The effect of using cannabis as a painkiller is not well understood by science, though many people suffering from pain have touted its effectiveness. A new study conducted at the University of Oxford is furthering the research on cannabis, but the results only highlight the complicated character of nature’s painkiller.
Some participants in the study were given oral tablets of THC, the ingredient in cannabis associated with feeling “high,” while others were given a placebo. The participants were then exposed to either a harmless topical cream or a topical cream which caused a burning sensation. They were asked to report on their experiences of pain, but also underwent brain imaging (MRI scans) so that scientists could observe patterns in areas of the brain associated with pain.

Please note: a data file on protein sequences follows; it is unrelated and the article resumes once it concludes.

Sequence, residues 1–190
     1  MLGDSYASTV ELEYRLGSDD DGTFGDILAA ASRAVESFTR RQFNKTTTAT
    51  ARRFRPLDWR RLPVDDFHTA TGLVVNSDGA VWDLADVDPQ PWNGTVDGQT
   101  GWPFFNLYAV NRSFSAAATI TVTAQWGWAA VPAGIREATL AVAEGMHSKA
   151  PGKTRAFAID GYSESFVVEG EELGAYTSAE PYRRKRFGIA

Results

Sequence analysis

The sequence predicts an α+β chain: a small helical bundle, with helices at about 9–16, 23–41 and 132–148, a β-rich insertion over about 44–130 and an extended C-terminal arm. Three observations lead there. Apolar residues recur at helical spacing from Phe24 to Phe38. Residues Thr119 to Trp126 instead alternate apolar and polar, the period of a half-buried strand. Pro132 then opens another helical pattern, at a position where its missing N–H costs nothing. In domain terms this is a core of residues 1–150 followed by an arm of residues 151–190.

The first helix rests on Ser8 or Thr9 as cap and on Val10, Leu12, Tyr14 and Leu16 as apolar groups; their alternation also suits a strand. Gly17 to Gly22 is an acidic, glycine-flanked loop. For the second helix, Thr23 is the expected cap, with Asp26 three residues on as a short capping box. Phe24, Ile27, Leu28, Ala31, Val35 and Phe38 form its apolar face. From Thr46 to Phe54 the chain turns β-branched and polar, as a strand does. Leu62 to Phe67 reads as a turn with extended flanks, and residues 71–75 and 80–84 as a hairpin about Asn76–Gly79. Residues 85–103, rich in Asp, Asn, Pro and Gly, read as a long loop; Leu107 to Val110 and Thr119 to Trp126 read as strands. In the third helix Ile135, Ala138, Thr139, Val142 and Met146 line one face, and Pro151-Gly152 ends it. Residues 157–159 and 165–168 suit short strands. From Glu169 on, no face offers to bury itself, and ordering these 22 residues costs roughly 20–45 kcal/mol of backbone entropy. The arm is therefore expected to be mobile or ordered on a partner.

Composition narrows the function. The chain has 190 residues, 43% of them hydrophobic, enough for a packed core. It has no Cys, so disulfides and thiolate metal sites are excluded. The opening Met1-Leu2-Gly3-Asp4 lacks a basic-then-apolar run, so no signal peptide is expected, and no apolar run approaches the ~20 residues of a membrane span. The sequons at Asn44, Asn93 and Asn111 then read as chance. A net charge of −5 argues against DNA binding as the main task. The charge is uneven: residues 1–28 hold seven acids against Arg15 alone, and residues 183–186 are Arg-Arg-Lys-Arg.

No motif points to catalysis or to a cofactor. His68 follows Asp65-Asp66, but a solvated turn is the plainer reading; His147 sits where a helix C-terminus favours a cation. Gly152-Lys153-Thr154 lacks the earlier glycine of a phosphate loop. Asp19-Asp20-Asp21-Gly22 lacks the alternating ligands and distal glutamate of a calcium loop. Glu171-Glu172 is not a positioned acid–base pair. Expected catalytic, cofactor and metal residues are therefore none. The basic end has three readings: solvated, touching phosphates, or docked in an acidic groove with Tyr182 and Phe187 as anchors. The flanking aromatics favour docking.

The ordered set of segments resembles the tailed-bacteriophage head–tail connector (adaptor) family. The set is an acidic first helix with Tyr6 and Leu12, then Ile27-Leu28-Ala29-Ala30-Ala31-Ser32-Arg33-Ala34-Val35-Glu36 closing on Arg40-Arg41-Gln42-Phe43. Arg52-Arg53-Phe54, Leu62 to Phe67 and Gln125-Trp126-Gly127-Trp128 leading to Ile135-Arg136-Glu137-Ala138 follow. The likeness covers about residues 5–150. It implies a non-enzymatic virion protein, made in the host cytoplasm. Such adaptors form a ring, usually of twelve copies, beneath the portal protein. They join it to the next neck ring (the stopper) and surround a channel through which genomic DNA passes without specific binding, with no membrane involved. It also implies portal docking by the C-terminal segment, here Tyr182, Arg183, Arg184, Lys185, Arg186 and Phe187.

The results varied significantly from person to person, with most of those who experienced a benefit reporting that the pain burned just as much, but bothered them less. The brain scans showed that cannabis did indeed affect each person differently, and that areas of the brain related to the emotional aspects of pain were more affected than other pain-related areas. In other words, the research suggests that for some people cannabis makes pain more bearable.
The researchers, quoted in an article on Medical News Today, confirm that much more exploration is needed. THC is only one of many compounds found in cannabis, and the controlled situation in the lab does not mirror the conditions under which most pain sufferers take the drug. Studies also need to be done on patients with chronic pain, and need to be conducted over a longer period of time. But this study, according to the researchers, may begin to point the way towards techniques which could predict who would or would not see benefits from taking cannabis for pain relief.